- Never ever send any surplus – find ways to hide it and keep it for yourself.
- Focus most of your time and energy in vicious in-house politics to divide those spoils.
- Ensure the lord/lady never actually visits the fields and farms to judge potential vs actual productivity…
Believing corporations are run for shareholders is like believing that political parties are actually there to express the will of the voters [insert guffaws here]. Like voters, shareholders are a surprisingly powerless bunch. Even if you are one of the plutocrats who can “buy” a campaign. Politicians (and managers) just don’t stay bought…
If you don’t force the principal-agent problem into the dialogue, the debate goes nowhere. You need to acknowledge the underlying problem head on. In the telecom space, basically EVERY actor is somehow dependent on “not understanding” the value of a wholesale model. They like the gravy train as it is. They are not going to “understand” they are worthless overheads.
Most interesting is HOW the evils of shareholder capitalism might over-turn this cozy conspiracy of mediocrity. And here is where I agree with Susan’s enthusiasm and conclusions. Google Fiber does potentially open the door to a very different (and better) telecom model. But it does so through the medium of those evil financiers…
The key event is not Google fiber partnering with Huntsville. It is (hopefully) Google Fiber (and Huntsville et al) raising debt. Showing good, steady, stable numbers to a bunch of greedy Wall St. types. If we can get a documented track record of dull-but-profitable FTTH builds, then we can get the debt markets involved.
- Debt markets don’t “care” about management’s tuition bills. They don’t get paid to “not understand.” They just look at cash flows. And loan money up to around 70%-90% of their value. Just like a mortgage. As long as someone else is willing to take the risk on that last 10%-30% (the equity). The more stable the cash flows, the more they will lend. And telecom cash flows are VERY stable.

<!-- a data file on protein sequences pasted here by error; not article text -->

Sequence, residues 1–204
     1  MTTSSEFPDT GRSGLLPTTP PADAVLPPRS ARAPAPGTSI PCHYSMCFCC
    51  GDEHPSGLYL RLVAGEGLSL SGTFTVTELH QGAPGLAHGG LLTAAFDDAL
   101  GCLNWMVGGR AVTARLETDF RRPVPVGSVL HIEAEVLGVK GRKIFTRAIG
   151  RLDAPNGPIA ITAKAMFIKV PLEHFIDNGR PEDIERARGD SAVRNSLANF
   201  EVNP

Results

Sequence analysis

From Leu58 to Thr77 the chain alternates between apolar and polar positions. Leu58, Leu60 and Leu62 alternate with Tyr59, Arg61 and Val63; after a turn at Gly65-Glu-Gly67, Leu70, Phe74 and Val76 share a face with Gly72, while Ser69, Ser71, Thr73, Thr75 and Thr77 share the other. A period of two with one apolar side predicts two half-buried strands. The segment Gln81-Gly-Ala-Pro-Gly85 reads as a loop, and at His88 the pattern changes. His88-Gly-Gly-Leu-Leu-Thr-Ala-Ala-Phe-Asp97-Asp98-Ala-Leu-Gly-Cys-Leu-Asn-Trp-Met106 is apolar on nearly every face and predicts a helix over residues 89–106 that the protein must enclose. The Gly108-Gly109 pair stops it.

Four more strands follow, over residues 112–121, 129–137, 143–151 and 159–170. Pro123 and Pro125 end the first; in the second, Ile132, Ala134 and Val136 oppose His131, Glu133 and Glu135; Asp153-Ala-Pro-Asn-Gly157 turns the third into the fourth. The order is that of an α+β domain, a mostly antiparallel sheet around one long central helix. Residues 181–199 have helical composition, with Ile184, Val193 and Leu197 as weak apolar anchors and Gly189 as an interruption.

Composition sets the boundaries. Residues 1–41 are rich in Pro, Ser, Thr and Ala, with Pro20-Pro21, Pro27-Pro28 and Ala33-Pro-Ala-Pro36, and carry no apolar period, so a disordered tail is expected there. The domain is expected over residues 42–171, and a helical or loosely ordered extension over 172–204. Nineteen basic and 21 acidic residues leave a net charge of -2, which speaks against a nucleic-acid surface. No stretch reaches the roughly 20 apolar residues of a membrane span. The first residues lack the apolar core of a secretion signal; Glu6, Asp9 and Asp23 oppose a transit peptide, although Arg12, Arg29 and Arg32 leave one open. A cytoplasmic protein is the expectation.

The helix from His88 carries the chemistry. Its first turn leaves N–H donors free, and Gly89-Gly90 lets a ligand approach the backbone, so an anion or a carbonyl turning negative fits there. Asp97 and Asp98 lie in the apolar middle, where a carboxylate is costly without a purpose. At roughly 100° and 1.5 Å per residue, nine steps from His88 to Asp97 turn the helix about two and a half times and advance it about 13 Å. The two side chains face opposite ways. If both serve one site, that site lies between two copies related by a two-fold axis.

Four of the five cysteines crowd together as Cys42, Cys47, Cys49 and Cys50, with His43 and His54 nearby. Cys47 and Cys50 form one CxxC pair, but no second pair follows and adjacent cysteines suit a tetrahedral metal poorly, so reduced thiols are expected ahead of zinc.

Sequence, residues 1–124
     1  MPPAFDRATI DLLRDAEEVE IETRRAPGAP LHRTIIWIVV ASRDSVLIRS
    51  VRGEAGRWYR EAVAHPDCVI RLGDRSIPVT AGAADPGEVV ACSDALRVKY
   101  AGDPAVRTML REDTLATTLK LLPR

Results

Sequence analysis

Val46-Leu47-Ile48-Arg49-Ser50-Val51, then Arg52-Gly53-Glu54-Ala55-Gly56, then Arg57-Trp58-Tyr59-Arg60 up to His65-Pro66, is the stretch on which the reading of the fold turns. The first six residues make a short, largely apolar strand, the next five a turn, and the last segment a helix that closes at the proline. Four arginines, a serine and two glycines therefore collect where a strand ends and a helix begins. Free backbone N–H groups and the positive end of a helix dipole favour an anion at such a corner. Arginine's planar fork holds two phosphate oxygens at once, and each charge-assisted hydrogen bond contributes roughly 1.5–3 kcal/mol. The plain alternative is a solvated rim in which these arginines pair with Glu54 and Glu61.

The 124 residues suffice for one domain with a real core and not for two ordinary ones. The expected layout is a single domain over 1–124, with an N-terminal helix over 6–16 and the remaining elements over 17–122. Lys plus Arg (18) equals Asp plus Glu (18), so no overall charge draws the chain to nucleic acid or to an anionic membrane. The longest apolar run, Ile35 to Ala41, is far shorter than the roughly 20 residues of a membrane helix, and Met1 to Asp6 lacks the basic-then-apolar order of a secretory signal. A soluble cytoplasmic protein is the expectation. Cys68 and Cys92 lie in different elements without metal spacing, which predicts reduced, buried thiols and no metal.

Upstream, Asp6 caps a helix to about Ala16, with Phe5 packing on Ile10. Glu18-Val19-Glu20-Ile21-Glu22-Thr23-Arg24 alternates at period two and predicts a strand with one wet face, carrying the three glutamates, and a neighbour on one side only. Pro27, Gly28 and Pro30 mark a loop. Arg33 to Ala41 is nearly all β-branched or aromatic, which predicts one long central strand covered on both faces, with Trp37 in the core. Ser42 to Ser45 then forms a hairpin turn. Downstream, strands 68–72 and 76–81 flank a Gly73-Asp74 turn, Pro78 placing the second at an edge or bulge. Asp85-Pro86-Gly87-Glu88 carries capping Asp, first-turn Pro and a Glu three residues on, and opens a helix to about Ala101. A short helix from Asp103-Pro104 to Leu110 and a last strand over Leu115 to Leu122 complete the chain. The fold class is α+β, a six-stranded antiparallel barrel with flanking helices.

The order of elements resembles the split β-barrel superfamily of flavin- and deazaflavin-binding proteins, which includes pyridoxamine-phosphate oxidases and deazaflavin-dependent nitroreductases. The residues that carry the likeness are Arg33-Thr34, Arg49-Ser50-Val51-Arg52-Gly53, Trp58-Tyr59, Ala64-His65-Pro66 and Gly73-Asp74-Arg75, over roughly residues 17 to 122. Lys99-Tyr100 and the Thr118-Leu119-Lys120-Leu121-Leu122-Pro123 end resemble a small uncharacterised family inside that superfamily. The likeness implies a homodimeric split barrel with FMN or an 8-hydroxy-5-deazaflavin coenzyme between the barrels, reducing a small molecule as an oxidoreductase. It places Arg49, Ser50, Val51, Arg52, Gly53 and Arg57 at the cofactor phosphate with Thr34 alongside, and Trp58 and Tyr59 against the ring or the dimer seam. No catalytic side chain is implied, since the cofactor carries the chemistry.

- Greedy Wall St. types are a herd like anyone else (see the movie “The Big Short” – it’s pretty accurate on that point). So the first few deals will be cautious and tentative. And then the floodgates will open.
- With all this fat, sexy debt coming out, shareholders will start to make murmuring noises in meetings. Like a bunch of feudal property owners noticing that other fellow’s properties are throwing off much bigger bucks. They start asking awkward questions next time their estate manager sends on the annual rent. Maybe the schedule a trip to actually look at their estates… And the whole edifice starts to slide downhill into a very dull, very profitable utility business. Which is what is once was.
I know this is sort’ve what Susan was driving at too, but the dialogue goes nowhere without a sharper point on the motives and effects. The facts aren’t in question. It is the willful, self-interested. indifferent blindness of those who shape the narrative. I’ll leave you to explore the obvious segue to the rise of Bernie Sanders and Donald Trump. Enough tangents in this post already. But I’ll leave you with this clip.
** Wholesale/Retail Split: One company owns the actual fibers – earning a steady rental income like a sewer or water utility. Another company lights those fibers and offers service over them, earning a (less steady) income as a TV/Internet provider.